Original Research ARTICLE

Front. Physiol., 22 September 2010 | doi: 10.3389/fphys.2010.00024

A membrane protein/signaling protein interaction network for Arabidopsis version AMPv2

  • 1 Department of Plant Biology, Carnegie Institution for Science, Stanford, CA, USA
  • 2 Department of Biology, Pennsylvania State University, University Park, PA, USA
  • 3 Division of Biological Sciences, Cell and Developmental Biology, University of California, San Diego, La Jolla, CA, USA
  • 4 Department of Cell Biology and Molecular Genetics, University of Maryland, College Park, MD, USA
  • 5 Botanisches Institut der Universität zu Köln, Köln, Germany
  • 6 Department of Biological Sciences, Louisiana State University, Baton Rouge, LA, USA
  • 7 Feedstocks, Joint BioEnergy Institute, Emeryville, CA, USA

Interactions between membrane proteins and the soluble fraction are essential for signal transduction and for regulating nutrient transport. To gain insights into the membrane-based interactome, 3,852 open reading frames (ORFs) out of a target list of 8,383 representing membrane and signaling proteins from Arabidopsis thaliana were cloned into a Gateway-compatible vector. The mating-based split ubiquitin system was used to screen for potential protein–protein interactions (pPPIs) among 490 Arabidopsis ORFs. A binary robotic screen between 142 receptor-like kinases (RLKs), 72 transporters, 57 soluble protein kinases and phosphatases, 40 glycosyltransferases, 95 proteins of various functions, and 89 proteins with unknown function detected 387 out of 90,370 possible PPIs. A secondary screen confirmed 343 (of 386) pPPIs between 179 proteins, yielding a scale-free network (r2 = 0.863). Eighty of 142 transmembrane RLKs tested positive, identifying 3 homomers, 63 heteromers, and 80 pPPIs with other proteins. Thirty-one out of 142 RLK interactors (including RLKs) had previously been found to be phosphorylated; thus interactors may be substrates for respective RLKs. None of the pPPIs described here had been reported in the major interactome databases, including potential interactors of G-protein-coupled receptors, phospholipase C, and AMT ammonium transporters. Two RLKs found as putative interactors of AMT1;1 were independently confirmed using a split luciferase assay in Arabidopsis protoplasts. These RLKs may be involved in ammonium-dependent phosphorylation of the C-terminus and regulation of ammonium uptake activity. The robotic screening method established here will enable a systematic analysis of membrane protein interactions in fungi, plants and metazoa.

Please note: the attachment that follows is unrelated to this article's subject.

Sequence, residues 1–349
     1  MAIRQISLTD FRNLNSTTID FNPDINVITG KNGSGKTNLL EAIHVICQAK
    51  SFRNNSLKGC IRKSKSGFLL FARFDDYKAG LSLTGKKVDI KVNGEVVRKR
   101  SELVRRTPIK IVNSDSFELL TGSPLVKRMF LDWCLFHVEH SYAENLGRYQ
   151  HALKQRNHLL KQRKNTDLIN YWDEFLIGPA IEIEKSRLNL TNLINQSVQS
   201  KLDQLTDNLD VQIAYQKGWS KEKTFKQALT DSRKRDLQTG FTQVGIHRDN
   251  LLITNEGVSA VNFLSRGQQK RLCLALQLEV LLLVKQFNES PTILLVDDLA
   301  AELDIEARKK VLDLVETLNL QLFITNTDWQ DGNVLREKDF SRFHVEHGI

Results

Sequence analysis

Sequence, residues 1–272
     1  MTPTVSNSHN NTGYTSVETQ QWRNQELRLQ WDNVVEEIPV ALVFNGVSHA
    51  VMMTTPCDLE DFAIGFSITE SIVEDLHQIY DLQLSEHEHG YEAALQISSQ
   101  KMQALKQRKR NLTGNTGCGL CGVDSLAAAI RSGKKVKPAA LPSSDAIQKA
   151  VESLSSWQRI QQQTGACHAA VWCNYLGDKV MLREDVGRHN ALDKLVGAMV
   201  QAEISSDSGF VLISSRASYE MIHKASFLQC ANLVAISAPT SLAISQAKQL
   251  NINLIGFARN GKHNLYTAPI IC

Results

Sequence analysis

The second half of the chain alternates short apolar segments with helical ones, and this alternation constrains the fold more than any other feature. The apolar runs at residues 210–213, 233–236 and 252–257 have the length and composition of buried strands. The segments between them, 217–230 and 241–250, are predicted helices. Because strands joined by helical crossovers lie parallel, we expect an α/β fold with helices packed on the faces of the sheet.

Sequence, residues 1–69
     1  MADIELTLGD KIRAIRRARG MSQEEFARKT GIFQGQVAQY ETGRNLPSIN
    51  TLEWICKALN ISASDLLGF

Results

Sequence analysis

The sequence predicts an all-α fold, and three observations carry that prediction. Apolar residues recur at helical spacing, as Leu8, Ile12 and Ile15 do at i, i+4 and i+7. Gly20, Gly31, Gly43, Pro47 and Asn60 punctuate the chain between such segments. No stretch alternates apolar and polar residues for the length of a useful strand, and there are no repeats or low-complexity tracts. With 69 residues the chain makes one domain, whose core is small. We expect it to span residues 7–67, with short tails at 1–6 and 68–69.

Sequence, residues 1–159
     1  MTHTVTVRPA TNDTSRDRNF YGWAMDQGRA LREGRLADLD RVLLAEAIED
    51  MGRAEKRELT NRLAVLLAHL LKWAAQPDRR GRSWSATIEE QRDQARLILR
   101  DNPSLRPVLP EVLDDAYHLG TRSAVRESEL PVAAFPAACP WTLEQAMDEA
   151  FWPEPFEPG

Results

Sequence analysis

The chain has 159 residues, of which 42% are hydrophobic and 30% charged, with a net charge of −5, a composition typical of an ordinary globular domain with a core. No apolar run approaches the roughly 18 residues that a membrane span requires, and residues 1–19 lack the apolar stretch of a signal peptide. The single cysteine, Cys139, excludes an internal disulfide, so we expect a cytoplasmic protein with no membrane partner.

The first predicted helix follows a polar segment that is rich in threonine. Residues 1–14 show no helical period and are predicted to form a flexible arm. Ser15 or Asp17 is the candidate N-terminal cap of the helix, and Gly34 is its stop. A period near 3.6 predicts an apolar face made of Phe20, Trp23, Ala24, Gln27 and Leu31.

Keywords: protein interaction, transport, split ubiquitin system, yeast two hybrid, receptor, kinase, phosphorylation

Citation: Lalonde S, Sero A, Pratelli R, Pilot G, Chen J, Sardi MI, Parsa SA, Kim D-Y, Acharya BR, Stein EV, Hu H-C, Villiers F, Takeda K, Yang Y, Han YS, Schwacke R, Chiang W, Kato N, Loqué D, Assmann SM, Kwak JM, Schroeder JI, Rhee SY and Frommer WB (2010) A membrane protein/signaling protein interaction network for Arabidopsis version AMPv2. Front. Physio. 1:24. doi: 10.3389/fphys.2010.00024

This article was submitted to Frontiers in Plant Physiology, a specialty of Frontiers in Physiology

Received: 11 June 2010; Paper pending published: 04 July 2010;
Accepted: 20 July 2010; Published online: 22 September 2010.

Edited by:

Steven Huber, University of Illinois at Urbana-Champaign, USA

Reviewed by:

Jeffrey F. Harper, University of Nevada, Reno, USA
Ján A. Miernyk, University of Missouri, USA
Waltraud Schulze, Max Planck Institute for Plant Physiology, Germany

Copyright: © 2010 Lalonde, Sero, Pratelli, Pilot, Chen, Sardi, Parsa, Kim, Acharya, Stein, Hu, Villiers, Takeda, Yang, Han, Schwacke, Chiang, Kato, Loqué, Assmann, Kwak, Schroeder, Rhee and Frommer. This is an open-access article subject to an exclusive license agreement between the authors and the Frontiers Research Foundation, which permits unrestricted use, distribution, and reproduction in any medium, provided the original authors and source are credited.

*Correspondence: Sylvie Lalonde, Carnegie Institution for Science, 260 Panama St., Stanford, CA 94305, USA. e-mail: slalonde@stanford.edu

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